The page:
In House Bill 100/ Senate Bill 219 Develop and Promote New Mexico Farmers Markets, the NMFMA is requesting eighty-five thousand dollars that would fund the New Mexico Fruit & Vegetable Prescription Program, a pediatric anti-obesity program being expanded in San Juan, San Miguel, Socorro, and Rio Arriba Counties, where prescriptions are written for healthy food and funds are provided, in the form of vouchers, for the purchase of fresh produce at nearby farmers markets. 

This bill would also fund a pilot program creating a network of Community Health Workers to promote farmers markets and fresh food options in the Colonias, on reservations and pueblos, and in other underserved areas of our state. In addition, the funds would support statewide public education and outreach that targets seniors, and WIC and SNAP recipients to promote the purchase of fresh food at farmers markets.

These rules are reflected in our shopping experience. I love walking into a well-run grocery store with a cornucopia of fresh wonderful produce. I get excited by the variety and for seasonal foods to inspire my menus for the week. Unfortunately, not everyone has access to these stores.  I used to live on a ranch in northern New Mexico where the nearest grocery store was forty miles away.  We were lucky, we grew a huge garden. But many of our neighbors did not garden and, in addition, many of our older neighbors, our vejitos, didn’t drive, so they had to depend on relatives for their groceries.

Data shows that the farther you live from a grocery store the less likely you are to get a recommended number of fruits and vegetables. Almost all the vejitos in my community were diabetic and depended on insulin. You would be hard pressed to see any fresh fruits and vegetables in my neighbors’ homes. But everyone has sodas, ice cream and chips. The NMFAPC recognized this fact, and sponsored legislation that would help our rural communities create the infrastructure to attract grocery stores to their communities. Unfortunately, that legislation didn’t pass. The fact is policy work takes time and commitment. Getting everyone to agree on what needs to be done is a huge challenge. Organizations like the NMFPAC work year after year to get legislation passed.  No one does this work alone—it takes partnerships of organizations across the state and the interest, help, action, and participation of citizens like you.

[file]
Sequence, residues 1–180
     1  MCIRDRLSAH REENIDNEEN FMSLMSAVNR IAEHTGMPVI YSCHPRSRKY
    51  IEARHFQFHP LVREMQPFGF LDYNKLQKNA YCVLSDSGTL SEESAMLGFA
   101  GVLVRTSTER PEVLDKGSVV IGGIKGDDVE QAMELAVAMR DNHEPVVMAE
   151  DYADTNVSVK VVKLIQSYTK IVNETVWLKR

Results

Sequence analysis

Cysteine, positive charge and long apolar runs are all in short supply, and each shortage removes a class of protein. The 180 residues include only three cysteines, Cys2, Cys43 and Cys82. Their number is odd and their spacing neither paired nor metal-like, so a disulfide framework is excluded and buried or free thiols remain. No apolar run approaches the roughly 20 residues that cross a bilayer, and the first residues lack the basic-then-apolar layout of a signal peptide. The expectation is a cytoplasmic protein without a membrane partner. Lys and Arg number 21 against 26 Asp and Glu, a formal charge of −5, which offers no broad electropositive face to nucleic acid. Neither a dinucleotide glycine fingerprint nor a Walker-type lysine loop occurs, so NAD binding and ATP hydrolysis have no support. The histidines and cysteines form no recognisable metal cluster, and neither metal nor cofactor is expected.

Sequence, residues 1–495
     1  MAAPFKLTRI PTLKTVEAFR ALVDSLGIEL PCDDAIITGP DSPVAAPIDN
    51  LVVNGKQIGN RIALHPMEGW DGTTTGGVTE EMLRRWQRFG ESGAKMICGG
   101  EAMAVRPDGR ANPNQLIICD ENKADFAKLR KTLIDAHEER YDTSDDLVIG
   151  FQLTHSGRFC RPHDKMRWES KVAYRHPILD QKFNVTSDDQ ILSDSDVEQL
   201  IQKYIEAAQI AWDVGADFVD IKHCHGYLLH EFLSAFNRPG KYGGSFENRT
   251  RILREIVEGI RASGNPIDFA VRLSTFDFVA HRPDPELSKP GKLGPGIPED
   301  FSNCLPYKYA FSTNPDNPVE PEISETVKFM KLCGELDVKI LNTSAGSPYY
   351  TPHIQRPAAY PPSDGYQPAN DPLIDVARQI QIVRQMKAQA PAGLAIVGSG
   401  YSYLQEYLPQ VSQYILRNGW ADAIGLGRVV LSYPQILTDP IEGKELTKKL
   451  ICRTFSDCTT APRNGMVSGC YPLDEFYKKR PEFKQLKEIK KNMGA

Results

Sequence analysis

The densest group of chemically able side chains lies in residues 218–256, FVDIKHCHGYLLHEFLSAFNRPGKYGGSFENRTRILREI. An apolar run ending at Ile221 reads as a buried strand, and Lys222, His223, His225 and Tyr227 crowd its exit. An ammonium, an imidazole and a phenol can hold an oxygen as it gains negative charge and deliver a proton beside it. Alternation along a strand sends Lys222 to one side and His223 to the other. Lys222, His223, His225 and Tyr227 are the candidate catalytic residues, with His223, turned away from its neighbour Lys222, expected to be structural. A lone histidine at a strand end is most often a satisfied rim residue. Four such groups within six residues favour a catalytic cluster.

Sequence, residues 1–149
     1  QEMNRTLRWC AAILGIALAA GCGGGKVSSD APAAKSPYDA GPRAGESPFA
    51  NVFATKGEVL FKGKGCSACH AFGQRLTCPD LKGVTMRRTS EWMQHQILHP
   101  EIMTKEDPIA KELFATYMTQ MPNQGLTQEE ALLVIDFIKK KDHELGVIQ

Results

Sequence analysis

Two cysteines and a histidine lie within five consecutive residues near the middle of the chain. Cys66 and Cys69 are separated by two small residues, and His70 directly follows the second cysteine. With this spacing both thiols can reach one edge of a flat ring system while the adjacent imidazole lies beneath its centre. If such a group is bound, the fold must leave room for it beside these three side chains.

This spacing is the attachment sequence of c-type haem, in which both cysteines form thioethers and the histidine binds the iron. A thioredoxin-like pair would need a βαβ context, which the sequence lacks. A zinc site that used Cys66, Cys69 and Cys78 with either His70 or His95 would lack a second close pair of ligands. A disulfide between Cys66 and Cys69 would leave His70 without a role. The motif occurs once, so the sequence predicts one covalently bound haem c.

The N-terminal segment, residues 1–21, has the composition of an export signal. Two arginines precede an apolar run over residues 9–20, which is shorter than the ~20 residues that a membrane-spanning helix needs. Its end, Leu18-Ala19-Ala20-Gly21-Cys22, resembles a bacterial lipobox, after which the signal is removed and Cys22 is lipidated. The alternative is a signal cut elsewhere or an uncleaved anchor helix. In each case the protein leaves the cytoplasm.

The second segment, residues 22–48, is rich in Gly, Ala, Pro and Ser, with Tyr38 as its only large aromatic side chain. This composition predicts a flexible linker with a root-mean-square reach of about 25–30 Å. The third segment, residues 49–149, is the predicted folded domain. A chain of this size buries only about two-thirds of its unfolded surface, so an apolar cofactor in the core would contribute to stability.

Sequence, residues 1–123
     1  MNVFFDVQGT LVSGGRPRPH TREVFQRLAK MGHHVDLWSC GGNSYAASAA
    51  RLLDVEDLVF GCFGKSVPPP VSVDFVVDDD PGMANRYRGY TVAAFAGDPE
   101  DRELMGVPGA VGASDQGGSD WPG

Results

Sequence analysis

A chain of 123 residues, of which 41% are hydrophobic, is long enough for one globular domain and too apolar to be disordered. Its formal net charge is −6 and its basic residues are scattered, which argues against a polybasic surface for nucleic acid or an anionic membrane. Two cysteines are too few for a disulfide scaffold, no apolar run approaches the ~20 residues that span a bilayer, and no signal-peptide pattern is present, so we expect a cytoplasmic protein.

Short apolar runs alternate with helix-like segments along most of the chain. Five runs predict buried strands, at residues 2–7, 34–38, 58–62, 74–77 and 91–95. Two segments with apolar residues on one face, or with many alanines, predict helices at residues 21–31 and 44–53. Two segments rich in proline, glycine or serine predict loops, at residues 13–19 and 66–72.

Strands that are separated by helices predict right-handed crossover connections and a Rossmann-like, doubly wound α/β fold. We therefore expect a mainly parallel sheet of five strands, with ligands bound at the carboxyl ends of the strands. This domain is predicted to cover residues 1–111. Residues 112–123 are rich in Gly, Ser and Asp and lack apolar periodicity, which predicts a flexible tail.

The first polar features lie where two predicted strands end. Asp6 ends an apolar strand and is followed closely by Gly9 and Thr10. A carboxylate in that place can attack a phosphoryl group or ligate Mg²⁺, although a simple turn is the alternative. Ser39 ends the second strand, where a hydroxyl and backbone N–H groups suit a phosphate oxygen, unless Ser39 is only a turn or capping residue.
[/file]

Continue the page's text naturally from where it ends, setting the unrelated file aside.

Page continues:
Kathleen Gonzalez  is the Communications and Program Coordinator at Farm to Table and a founding member of the New Mexico Food & Agriculture Policy Council. She can be contacted at
kathleen@farmtotablenm.org

Stephanie Cameron

Stephanie Cameron

Edible celebrates New Mexico's food culture, season by season. We believe that knowing where our food comes from is a powerful thing. With our high-quality, aesthetically pleasing and informative publication, we inspire readers to support and celebrate the growers, producers, chefs, beverage and food artisans, and other food professionals in our community.
Stephanie Cameron